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The Judge Who Stole Cocaine From Evidence Locker

By William Vogeler, Esq. | Last updated on

Nobody knew the demons that followed Paul Michael Pozonsky to the bench.

Outwardly, Pozonsky was an exceptional county judge. He served on the ethics committee; he founded the drug court for people with substance abuse issues.

But the judge had his own drug problems, and they had started long ago. They finally came out when he was caught stealing cocaine from the evidence file in this courtroom.

Stolen Evidence

Pozonsky resigned from the bench in 2012, and he pleaded guilty to criminal charges in 2015. He served 30 days in jail, but his legal career just ended.

On the recommendation of disciplinary counsel, the Pennsylvania Supreme Court has disbarred Pozonsky. The court seemed most offended by his dishonesty as a judge.

According to reports, he ordered officers to bring drug evidence into court for pretrial hearings and then insisted on storing it in his chambers.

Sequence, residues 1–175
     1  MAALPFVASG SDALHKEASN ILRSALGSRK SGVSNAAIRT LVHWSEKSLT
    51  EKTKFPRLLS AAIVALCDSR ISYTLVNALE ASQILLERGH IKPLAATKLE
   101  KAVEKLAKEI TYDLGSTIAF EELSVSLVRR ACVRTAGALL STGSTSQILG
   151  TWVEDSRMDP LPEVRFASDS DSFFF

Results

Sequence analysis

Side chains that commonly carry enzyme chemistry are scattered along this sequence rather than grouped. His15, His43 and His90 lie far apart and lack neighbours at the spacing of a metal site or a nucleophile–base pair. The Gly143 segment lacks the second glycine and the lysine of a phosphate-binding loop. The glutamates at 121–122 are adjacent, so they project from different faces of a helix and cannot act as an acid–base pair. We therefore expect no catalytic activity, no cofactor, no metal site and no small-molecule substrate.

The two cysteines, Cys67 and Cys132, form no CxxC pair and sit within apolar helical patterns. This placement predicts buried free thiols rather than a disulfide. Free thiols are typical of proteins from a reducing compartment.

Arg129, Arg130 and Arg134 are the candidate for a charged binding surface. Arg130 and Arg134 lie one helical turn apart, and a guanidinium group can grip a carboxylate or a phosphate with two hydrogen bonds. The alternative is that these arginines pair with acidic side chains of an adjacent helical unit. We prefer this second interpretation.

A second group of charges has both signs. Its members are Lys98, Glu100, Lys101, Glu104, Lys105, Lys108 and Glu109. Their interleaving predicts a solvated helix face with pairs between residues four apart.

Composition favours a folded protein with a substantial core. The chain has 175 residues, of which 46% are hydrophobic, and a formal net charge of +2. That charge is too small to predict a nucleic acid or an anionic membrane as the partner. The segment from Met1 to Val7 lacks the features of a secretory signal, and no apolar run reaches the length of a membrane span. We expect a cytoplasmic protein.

"He then surreptitiously and regularly removed quantities of this illicit substance from that locker when courtroom staff was not present, smuggled it out of the courthouse, and used it at his home," the supreme court said.

Investigators figured out Pozonsky had been tampering with the evidence when almost 300 grams of cocaine disappeared from the evidence file. He had tried to cover it up by replacing the cocaine powder with baking powder.

Public Trust

Justice Debra Todd wrote the disciplinary decision, and emphasized the gravity of Pozonsky's crimes.

"There are few transgressions which more seriously undermine the public's confidence and trust in the integrity of their judicial system, and which are as offensive to the high standards and principles which other members of the bench and bar strive so faithfully to uphold in the performance of their duties, than those committed by Pozonsky," she wrote.

For his part, Posonzky said he was never under the influence on the bench and that he has been in recovery since he resigned. In mitigation, he told the court that he had been serving the homeless and counseling others to help them overcome addictions.

In the meantime, he had moved from Pennsylvania and secured a job as a workers' compensation judge in Alaska. The disciplinary authorities said he should have disclosed that during disciplinary proceedings, and cited it as further evidence of dishonesty.

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